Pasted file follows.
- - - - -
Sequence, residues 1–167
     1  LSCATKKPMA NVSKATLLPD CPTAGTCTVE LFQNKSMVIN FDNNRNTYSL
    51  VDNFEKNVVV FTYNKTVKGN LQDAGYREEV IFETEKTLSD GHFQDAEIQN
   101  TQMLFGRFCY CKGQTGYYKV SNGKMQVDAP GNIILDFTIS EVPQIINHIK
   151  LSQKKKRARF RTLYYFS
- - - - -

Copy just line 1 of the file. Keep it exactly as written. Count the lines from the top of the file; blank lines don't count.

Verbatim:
Sequence, residues 1–167